Nadine Dorries is due to set out how the “unnecessary bureaucracy” of data protection laws inherited from the EU will be replaced as proposals go before Parliament on Monday.
The Culture Secretary is expected to describe plans as “one of Brexit’s biggest rewards” as the Data Protection and Digital Information Bill goes before MPs for scrutiny in the House of Commons for the first time.
Among other changes, the proposals would see the General Data Protection Regulation (GDPR) laws reformed, with the new data regime set to deliver about £1 billion in businesses savings, according to the Government.
The Department for Digital, Culture, Media and Sport (DCMS) said the reforms will remove the “prescriptive requirements” of data laws inherited from the EU and give organisations greater flexibility to protect personal data in “more proportionate ways” rather than each following the same processes regardless of their size.
The proposals would also change the structure and objectives of the Information Commissioner’s Office (ICO), including appointing a chair, chief executive and board, the Government said.
The ICO is an independent body, which describes itself as being “set up to uphold information rights in the public interest, promoting openness by public bodies and data privacy for individuals”.
The Bill is expected to increase fines for nuisance calls and texts, allow for a digital births and deaths registry in England and Wales, and facilitate the flow and use of personal data for law enforcement and national security purposes, among other changes.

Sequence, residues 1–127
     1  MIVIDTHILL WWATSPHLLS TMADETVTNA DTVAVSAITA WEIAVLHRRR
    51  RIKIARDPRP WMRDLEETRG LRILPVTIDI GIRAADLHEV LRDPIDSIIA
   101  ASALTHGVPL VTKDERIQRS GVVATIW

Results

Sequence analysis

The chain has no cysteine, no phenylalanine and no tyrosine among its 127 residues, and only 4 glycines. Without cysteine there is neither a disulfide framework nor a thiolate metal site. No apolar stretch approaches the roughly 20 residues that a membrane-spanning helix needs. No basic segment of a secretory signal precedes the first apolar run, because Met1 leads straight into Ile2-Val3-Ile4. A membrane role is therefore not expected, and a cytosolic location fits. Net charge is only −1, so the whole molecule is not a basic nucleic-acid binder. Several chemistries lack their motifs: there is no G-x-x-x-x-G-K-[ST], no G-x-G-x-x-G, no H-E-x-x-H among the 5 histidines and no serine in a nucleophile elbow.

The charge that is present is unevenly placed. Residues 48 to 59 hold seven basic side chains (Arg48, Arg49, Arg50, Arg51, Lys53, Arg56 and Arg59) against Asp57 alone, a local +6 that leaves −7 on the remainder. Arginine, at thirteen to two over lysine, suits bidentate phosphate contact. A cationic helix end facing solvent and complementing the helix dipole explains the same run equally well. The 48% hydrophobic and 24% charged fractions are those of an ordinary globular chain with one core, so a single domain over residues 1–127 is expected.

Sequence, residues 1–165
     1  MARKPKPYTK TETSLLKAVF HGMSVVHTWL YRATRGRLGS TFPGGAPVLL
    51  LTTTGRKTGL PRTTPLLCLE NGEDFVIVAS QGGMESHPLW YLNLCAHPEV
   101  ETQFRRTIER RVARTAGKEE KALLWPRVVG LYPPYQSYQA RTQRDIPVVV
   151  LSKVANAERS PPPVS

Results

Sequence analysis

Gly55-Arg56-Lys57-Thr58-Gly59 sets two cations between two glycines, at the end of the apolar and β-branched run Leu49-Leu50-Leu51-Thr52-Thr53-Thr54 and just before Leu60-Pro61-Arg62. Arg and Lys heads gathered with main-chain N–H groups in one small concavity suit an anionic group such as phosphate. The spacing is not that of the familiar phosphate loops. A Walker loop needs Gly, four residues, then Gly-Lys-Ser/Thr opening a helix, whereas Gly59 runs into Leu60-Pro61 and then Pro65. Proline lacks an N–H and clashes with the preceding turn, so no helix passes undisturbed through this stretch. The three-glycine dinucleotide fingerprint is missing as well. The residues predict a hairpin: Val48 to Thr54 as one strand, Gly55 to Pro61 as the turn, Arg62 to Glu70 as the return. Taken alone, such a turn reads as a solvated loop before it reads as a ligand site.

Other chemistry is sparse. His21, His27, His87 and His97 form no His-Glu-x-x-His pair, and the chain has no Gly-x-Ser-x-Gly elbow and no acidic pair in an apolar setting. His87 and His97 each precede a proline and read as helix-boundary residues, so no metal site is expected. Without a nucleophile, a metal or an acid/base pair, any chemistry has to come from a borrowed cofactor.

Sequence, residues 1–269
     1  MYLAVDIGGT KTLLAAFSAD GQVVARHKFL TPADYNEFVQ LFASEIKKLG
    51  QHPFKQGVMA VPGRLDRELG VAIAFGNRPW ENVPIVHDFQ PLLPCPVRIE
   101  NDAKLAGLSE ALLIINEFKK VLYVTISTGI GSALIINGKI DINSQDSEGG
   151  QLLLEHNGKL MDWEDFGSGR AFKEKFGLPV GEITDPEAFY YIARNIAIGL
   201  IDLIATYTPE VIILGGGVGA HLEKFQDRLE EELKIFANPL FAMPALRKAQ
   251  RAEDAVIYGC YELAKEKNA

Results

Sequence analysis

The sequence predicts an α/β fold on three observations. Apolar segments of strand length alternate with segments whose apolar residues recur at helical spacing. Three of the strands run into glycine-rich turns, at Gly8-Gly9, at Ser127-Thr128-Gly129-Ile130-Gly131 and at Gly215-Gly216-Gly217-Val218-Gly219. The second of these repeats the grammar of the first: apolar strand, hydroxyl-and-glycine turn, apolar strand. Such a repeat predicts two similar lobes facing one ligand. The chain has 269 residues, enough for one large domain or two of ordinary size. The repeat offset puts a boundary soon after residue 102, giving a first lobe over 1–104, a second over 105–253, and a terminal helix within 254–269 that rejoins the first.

DCMS also said the changes included in the Bill would improve the UK’s ability to strike international data deals and make them more secure, which it said would allow British businesses to benefit from billions of pounds in trade.
Ms Dorries is expected say: “With this Bill, we will build a new, independent data regime. One that with a number of common-sense changes, frees up our businesses and unlocks scientific and economic growth, while maintaining our high data protection standards.
“I believe changes are needed more than ever today, at a time of unprecedented pressure on the economy.
“We can’t afford to stick with the status quo, to keep prioritising process over results, and allowing unnecessary bureaucracy to stifle growth and innovation.
“If we were still in the EU, we’d have to keep following the current approach. Thanks to Brexit, we don’t.
“This data Bill is one of Brexit’s biggest rewards. It allows us to create a pro-growth, trusted system – one that is designed not for Brussels, but for the people of the UK.”